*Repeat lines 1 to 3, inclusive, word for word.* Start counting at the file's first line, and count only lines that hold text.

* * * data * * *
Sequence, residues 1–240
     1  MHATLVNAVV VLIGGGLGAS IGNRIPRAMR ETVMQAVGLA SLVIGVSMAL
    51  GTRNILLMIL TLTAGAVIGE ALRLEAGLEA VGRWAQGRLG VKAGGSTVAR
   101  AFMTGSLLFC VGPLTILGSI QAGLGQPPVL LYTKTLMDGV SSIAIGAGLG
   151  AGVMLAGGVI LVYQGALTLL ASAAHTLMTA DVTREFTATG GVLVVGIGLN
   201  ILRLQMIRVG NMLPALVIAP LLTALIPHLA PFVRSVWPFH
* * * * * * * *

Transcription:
Sequence, residues 1–240
     1  MHATLVNAVV VLIGGGLGAS IGNRIPRAMR ETVMQAVGLA SLVIGVSMAL
    51  GTRNILLMIL TLTAGAVIGE ALRLEAGLEA VGRWAQGRLG VKAGGSTVAR